# Tangrams

Can you make five differently sized squares from the interactive tangram pieces?

## Problem

| Image
| ||

## Getting Started

Are any of the pieces square?

How might you use one of the red triangles to make a square?

Can you find another way?

How about using one of the green triangles?

## Student Solutions

Well done to everybody who had a go at this task. As you might be able to tell from the way the question is worded, we thought there were five solutions - but there are actually some more if we allow squares that aren't completely filled!

Yiwei from The Scots College Preparatory School in Sydney, Australia sent in this picture of his solutions:

Good ideas, Yiwei. I like the way your sescond solution manages to use all five triangles!

Sam only looked at squares that were filled in, and sent these pictures of four different squares to us:

Horatio at St Johns College School, Cambridge found five ways of making filled-in squares, and also found the first solution that Yiwei sent in:

Thank you for these submitted solutions, well done!

## Teachers' Resources

**Why do this problem?**

Not only will children be using their knowledge of properties of squares as they try this activity, but they will also be putting into practice their visualising skills. Tangrams can be great to work on in pairs and this will encourage the pupils to talk together about what they are doing - a great opportunity for you to listen!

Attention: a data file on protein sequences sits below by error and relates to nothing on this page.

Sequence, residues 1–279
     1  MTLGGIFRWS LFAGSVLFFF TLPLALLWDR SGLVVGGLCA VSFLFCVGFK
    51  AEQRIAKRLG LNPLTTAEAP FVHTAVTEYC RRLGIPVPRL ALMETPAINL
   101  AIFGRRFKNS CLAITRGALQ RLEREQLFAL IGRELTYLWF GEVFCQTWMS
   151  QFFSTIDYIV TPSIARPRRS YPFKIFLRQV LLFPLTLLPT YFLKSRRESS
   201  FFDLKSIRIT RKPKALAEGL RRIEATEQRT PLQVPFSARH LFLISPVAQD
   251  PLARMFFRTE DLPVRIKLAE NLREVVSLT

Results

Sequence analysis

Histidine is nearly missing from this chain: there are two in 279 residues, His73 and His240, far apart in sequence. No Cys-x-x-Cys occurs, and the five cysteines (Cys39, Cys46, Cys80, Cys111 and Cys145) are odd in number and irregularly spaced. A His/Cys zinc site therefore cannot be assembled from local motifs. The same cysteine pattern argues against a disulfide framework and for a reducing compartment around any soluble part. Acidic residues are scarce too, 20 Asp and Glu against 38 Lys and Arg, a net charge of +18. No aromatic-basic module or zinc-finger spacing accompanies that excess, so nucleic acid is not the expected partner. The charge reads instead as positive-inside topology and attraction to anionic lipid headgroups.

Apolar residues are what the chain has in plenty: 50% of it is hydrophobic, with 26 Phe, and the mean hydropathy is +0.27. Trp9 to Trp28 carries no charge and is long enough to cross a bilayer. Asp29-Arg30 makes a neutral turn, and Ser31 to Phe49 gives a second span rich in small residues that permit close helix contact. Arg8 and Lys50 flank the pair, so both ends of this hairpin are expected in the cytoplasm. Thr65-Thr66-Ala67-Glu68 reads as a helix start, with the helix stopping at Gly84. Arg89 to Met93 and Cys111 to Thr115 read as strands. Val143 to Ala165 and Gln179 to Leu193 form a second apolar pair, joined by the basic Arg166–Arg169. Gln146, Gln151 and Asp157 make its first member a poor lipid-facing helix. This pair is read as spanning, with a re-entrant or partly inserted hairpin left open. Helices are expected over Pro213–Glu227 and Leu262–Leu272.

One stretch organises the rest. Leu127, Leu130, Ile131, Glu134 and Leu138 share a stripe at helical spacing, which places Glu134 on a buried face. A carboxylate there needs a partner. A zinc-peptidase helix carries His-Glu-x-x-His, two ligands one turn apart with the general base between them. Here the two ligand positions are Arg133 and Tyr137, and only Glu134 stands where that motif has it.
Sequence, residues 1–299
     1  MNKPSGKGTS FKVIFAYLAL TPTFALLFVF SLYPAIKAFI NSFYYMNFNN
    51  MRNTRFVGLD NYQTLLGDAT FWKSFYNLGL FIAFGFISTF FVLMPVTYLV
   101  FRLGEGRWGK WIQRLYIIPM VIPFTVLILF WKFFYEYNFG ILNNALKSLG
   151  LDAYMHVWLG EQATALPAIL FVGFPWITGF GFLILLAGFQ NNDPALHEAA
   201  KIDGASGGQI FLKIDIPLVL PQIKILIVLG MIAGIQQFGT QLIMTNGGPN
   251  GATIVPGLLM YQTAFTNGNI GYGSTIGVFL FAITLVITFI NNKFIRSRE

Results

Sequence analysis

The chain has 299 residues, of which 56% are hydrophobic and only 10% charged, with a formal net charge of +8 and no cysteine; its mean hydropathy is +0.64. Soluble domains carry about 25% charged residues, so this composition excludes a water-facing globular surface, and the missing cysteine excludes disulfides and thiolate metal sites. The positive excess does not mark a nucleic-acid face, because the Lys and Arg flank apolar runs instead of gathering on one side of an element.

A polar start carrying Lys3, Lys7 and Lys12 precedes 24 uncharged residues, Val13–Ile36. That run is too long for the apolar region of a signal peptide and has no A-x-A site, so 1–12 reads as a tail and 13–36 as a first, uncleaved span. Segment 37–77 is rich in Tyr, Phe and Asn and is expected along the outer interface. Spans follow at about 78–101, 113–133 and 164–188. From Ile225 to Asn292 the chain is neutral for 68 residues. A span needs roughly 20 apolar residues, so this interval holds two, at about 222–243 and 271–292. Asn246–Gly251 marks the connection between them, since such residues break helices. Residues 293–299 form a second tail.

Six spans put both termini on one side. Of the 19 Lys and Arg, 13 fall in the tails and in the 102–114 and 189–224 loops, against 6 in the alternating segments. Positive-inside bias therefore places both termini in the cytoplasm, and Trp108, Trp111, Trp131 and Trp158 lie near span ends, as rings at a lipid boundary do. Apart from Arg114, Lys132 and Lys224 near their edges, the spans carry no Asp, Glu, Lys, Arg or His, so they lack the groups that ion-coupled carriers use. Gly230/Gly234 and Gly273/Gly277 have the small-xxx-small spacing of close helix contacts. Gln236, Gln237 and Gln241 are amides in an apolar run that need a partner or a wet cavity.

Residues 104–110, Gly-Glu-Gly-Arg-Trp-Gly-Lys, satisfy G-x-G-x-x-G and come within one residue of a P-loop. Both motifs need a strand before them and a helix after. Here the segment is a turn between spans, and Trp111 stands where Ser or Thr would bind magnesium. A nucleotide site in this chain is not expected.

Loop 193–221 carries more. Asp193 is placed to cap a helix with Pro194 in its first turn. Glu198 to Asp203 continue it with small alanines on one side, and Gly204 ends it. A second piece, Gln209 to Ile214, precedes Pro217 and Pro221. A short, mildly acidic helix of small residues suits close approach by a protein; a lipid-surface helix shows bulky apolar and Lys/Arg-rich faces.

### Possible approach

You could display the interactivity on the board and start by asking children to look at the image on the left (of the tangram pieces). Invite them to consider what they see and what they might like to ask. Give them time to think on their own, then talk to a partner about their 'noticings'. Encourage some pairs to share their observations and questions with the whole group. Try to take a step back and allow the class to respond to the comments and questions themselves, rather than you validating all contributions. Some children might talk about the different shapes they can see (and colours), some might describe the outline shape of the square. Build on their thoughts to introduce the idea of a tangram.

You can then set the class off in pairs on the challenges. After some time, invite them to offer 'hints' for the rest of the group, without giving away a solution. Perhaps they can offer advice about what they are finding helpful to focus on as they tackle the challenges, perhaps they can suggest a starting point for one of the squares... These challenges are not straightforward and learners are likely to get stuck. Talk about this with the class. How does it feel to be stuck? How are they trying to get unstuck? How does it feel when they make a breakthrough? You can stop the class as appropriate to share experiences.

The completed squares could make a lovely classroom display, accompanied by some brief notes written by the class, focusing on how they went about finding solutions.

### Key questions

How many pieces have you got altogether?

What could you put with this piece to make a square?

Are all the pieces different?

What's the smallest square you can make?

### Possible extension

To find more tangrams on the site (many of which have interactivities), enter 'tangram' in the top right-hand search box. Our interactive Tangram Browser contains a whole collection of tangrams.

### Possible support

You may have to encourage some children to experiment and 'have a go'.